OUR PROCESS: “Adopting an Improvement Process”

Our Instructional Lead Teacher (ILT) introduced the staff to the Data Wise Improvement Process in August during teacher's pre-service days along with several other key initiatives. These initiatives would be refined in our practice throughout the year. Data Wise is an inquiry cycle that breaks the work into very specific steps grounded in data-based improvement cycles with a very strong emphasis on collaboration, analysis and instructional practice.

As a priority school we are also fortunate to have guidance and support from our OCSI Specialist Dr. Anthony Sims to assist our leadership team with understanding the Data Wise process.

The next slide shows our progress since August followed by evidence of practice.


Our goal in building a system of teams is to have a cohesive instructional guidance system, in which the curriculum, study materials, pedagogical strategies, and assessments are coordinated within and across grades with meaningful teacher input.

Prior to becoming more Data Wise, we had established team structures, however the process is helping us to focus on sustaining the fidelity of how our teams function.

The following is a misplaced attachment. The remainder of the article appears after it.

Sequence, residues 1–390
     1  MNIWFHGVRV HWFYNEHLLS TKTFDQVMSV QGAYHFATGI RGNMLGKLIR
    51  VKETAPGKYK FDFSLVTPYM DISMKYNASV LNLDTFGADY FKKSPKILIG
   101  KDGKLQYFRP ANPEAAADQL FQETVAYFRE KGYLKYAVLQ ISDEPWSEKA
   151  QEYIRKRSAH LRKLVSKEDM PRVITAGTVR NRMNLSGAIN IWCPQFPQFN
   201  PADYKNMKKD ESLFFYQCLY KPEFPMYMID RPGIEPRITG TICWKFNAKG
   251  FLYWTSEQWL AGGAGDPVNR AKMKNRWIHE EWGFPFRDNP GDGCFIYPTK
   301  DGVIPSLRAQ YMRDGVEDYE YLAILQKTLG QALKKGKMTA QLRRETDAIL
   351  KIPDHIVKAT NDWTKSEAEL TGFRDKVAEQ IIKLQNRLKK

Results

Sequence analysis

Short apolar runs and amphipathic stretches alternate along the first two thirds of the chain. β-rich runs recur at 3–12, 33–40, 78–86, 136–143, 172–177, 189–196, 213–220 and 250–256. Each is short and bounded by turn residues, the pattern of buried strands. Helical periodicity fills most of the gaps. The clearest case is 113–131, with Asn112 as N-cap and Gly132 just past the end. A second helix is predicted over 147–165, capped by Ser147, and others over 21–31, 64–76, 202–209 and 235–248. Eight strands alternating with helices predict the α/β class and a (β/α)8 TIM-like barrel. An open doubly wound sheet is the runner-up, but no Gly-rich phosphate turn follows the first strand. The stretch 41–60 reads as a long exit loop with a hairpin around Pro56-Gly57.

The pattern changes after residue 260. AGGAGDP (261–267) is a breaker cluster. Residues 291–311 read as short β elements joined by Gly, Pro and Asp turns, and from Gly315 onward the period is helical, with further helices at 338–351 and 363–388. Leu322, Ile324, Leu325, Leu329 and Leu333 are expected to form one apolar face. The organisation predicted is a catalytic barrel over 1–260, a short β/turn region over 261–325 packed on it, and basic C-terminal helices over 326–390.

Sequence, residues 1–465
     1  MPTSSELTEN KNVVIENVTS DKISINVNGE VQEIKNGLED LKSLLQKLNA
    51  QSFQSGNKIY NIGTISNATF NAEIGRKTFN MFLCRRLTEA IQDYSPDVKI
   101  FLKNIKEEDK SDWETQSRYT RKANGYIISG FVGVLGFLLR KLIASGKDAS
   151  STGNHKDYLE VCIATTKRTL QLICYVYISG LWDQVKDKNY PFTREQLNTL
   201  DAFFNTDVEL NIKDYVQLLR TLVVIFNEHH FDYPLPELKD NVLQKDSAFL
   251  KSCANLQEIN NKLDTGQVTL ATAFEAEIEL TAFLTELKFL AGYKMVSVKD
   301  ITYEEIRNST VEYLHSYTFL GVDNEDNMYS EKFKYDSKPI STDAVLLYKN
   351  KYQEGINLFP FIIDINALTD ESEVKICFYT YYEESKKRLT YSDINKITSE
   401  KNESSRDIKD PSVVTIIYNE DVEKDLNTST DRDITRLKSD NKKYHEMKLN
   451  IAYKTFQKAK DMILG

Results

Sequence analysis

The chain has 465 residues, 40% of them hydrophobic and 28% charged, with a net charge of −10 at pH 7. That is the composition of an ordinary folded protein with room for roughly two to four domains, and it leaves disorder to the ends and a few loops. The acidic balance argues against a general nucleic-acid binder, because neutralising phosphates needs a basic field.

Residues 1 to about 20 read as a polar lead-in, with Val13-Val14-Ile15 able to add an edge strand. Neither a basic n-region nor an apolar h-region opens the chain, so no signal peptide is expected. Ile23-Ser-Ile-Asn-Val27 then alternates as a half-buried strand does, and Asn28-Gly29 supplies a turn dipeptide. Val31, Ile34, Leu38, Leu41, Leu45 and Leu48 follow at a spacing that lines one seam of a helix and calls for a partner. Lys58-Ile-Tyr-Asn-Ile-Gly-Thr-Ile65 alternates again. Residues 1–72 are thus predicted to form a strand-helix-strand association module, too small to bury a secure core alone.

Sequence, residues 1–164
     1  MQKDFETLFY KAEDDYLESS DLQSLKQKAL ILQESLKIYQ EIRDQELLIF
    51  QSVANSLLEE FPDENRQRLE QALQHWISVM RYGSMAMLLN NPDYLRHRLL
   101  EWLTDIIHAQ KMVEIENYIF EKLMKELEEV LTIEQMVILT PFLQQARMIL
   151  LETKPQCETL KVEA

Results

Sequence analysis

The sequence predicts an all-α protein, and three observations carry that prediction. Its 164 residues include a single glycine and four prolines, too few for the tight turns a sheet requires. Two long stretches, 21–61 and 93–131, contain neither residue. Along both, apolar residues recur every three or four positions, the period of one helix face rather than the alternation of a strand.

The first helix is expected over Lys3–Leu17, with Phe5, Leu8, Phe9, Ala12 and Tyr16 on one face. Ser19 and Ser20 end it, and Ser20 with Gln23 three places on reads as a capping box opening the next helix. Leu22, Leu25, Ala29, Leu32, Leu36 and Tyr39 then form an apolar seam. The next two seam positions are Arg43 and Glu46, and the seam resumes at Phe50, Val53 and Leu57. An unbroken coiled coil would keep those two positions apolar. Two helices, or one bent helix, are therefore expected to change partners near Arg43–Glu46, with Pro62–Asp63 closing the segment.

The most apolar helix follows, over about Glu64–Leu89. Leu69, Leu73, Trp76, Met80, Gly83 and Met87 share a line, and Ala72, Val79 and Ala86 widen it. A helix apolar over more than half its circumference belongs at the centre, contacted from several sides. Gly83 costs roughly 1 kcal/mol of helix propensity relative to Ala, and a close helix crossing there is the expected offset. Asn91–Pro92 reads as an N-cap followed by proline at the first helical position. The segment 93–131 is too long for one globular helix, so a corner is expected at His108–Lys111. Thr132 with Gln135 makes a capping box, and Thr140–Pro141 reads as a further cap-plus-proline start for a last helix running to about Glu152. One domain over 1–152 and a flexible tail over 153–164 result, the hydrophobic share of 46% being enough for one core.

As our school is closing, a strong system of teams is critical to our success. As the school year continues and we move closer to closing the impact on all our stakeholders becomes more evident. The SIG III grant provides us with resources to increase our partnership with parents, teachers, community and staff. A strong team structure allows us to work together and stay focused on our #1 priority, the students at Thomas Claggett Elementary.

Take a look at our evidence of practice.


“Building a System of Teams”

Teams set up the flow of how information is communicated

and how  decisions are

made. JR

Building a System of Teams

1. Structure of Teams2. Changes on the Leadership Team3. Roles and Responsibilities 4. School Planning and Management Team (SPMT)5. Team Building Activities 6. Our Initial Teamwork7. Grade Level Teams Parent Outreach8. Team Communication Structure


Building a Strong System of TeamsEvidence 1: Our Team Structure

Jeanetta Rainey, Principal

sonMichelle Jeffer -Lambert Assistant Principal

ate Team Intermedi Justin Batchelor,

Team Leader Teresa McBayne Rachael Wallace